Scotiabank profit plunges 40% as bad loans more than double amid COVID-19 – CBC.ca
Scotiabank posted a profit Tuesday morning of $1.32 billion in the three months up to the end of April, a fall of more than 40 per cent from last year’s level as the bank set aside twice as much money for bad loans.
The bank’s provisions for credit losses totalled nearly $1.85 billion for the quarter. That’s up 111 per cent from the $873 million worth of bad loans the bank revealed in the same three months last year, well before the COVID-19 pandemic crushed the economy.
Higher loan loss provisions don’t necessarily mean that all of those loans will end up defaulting. Rather, it just means that they aren’t being actively being paid back as planned.
The bank revealed on Tuesday that 300,000 of its Canadian customers have applied for some sort of financial relief on the $60 billion they collectively owe to the bank. That would include mortgagees who asked for interest rate deferrals.
Scotiabank has a huge presence in Latin America, and the bank says it has processed two million applications for loan relief from its international customers.
Not all of those loans will necessarily end up defaulting, but some may. So the uptick in loan loss provisions is troubling.
Scotia is the first of Canada’s big banks to reveal its financial performance through the current pandemic, numbers which will be closely scrutinized as they are considered to be a bellwether for the broader economy. That’s because pain at other businesses tends to show up on the books of the banks that lend to them.
Canada’s other big banks — Royal, Toronto-Dominion, Canadian Imperial Bank of Commerce and Bank of Montreal — will report earnings in the next few days.
On an adjusted basis, Scotiabank’s profit for the quarter came in at $1.04 per diluted share. That’s well down from $1.70 per diluted share a year ago, but ahead of the 98 cents that analysts who cover the bank were expecting.
Not all bad news
But not all parts of the bank’s business saw tough times. Indeed, some did even better than usual.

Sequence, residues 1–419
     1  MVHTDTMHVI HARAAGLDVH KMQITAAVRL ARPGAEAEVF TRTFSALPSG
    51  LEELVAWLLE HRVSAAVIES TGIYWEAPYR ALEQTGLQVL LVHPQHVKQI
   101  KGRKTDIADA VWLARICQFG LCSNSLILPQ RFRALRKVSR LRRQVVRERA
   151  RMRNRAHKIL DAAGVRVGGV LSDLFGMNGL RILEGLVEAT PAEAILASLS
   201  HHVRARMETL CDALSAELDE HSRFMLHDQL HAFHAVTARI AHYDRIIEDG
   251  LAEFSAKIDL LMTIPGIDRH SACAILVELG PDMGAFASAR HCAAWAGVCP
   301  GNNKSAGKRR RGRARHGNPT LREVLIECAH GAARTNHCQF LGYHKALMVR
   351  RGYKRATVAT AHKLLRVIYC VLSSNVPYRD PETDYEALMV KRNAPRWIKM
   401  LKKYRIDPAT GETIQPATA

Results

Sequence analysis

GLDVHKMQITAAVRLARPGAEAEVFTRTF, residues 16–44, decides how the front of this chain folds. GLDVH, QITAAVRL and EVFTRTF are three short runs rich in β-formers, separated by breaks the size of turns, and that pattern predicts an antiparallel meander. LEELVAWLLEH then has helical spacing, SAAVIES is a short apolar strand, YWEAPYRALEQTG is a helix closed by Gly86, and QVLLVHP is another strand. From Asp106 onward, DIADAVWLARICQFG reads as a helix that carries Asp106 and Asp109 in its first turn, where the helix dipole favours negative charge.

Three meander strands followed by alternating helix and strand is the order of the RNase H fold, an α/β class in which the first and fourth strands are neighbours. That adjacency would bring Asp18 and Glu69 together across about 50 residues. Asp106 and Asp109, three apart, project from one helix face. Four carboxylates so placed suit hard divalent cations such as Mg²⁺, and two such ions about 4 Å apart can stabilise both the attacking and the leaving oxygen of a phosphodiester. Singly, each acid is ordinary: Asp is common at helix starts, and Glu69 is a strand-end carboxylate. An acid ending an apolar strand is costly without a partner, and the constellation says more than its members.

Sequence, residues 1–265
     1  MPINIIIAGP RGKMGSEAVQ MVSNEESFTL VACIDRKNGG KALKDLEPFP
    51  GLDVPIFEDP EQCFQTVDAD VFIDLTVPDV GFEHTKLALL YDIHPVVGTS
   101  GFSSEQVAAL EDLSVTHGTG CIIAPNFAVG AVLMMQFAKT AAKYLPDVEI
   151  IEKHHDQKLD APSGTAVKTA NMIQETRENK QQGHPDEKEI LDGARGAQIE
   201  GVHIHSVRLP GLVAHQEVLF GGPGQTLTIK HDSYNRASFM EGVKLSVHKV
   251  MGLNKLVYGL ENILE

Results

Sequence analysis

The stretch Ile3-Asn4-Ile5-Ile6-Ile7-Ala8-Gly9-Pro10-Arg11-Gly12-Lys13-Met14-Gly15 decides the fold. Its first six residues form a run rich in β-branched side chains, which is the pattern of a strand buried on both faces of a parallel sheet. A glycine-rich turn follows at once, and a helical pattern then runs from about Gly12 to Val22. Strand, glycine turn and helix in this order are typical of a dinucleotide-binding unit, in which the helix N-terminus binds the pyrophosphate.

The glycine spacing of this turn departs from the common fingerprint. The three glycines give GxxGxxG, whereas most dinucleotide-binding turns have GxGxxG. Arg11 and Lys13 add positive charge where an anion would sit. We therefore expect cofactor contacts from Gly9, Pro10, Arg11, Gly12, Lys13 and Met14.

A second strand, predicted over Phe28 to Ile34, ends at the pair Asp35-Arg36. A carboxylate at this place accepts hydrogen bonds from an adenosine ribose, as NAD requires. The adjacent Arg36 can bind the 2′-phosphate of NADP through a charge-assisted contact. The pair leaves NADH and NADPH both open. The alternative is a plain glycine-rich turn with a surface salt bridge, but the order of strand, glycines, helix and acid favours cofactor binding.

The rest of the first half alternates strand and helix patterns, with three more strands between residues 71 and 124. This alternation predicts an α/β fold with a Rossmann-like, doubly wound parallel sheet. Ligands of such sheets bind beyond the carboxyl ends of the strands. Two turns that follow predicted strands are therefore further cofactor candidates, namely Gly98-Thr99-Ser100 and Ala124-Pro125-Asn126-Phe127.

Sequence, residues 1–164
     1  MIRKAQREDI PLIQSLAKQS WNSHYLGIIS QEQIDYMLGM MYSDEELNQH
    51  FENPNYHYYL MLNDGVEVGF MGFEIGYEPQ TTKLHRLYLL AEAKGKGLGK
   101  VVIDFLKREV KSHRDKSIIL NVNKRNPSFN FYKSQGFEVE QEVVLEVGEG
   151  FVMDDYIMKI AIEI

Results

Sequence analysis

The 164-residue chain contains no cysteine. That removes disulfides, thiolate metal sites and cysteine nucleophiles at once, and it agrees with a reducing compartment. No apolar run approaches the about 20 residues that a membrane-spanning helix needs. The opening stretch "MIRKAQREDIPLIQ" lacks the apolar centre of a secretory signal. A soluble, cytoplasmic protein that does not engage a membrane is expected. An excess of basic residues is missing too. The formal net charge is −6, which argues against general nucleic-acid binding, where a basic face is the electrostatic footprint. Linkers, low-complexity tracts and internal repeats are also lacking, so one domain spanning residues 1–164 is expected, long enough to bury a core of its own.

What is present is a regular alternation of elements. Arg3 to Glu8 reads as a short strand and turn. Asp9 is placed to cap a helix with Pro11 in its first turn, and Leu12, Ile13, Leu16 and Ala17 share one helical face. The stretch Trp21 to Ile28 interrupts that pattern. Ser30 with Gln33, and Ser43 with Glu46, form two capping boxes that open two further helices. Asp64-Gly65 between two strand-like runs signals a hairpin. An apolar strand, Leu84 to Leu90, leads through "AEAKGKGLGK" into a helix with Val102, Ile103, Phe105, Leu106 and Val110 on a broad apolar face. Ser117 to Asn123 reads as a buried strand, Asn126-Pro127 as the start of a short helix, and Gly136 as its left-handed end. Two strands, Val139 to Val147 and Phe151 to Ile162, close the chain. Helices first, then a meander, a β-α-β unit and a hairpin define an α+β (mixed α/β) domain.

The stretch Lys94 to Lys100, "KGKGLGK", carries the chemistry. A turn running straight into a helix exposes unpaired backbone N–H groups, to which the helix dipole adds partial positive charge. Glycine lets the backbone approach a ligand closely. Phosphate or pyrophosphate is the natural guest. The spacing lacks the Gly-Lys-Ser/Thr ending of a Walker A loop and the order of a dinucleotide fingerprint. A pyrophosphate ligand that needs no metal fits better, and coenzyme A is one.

Scotia’s global wealth management business posted a profit of $314 million, an increase of four per cent over last year’s level. That uptick came about with investors around the world becoming much more active than usual as global stock markets plummeted.
“This quarter saw record results for both new client account openings and trading volumes in Scotia iTRADE,” the bank said.
Similarly, the global banking and markets business posted a profit of $523 million, up 25 per cent from a year earlier.
Scotiabank's loan-loss provisions double on coronavirus risks – The Globe and Mail
Bank of Nova Scotia on Tuesday reported quarterly profit that beat analysts’ estimates due to a strong performance in the capital markets business, but the bank’s loan loss provisions jumped two-fold.
Provisions for loan losses at Scotia more than doubled to $1.85 billion from a year earlier as it set aside more money to meet future losses.
Canadian banks are expected to face loan defaults as the coronavirus pandemic drives the world into a recession, leaving small and medium-sized businesses scrambling to meet their debt payments.
The bank said commercial and corporate performing loan provisions increased by $275 million, hurt by the poor macroeconomic outlook and a plunge in oil prices that impacted the energy sector globally.
Adjusted net income at its global wealth management segment rose 3 per cent to $314 million, while profit at the global banking and markets business jumped 25 per cent to $523 million.
Canada’s third-biggest lender said net income fell to $1.24 billion, or $1 per share, in the quarter ended April 30, from $2.13 billion, or $1.73 per share, a year earlier.
On an adjusted basis, the lender earned $1.04 per share, compared with analysts’ estimate for profit of $0.98 per share, according to IBES data from Refinitiv.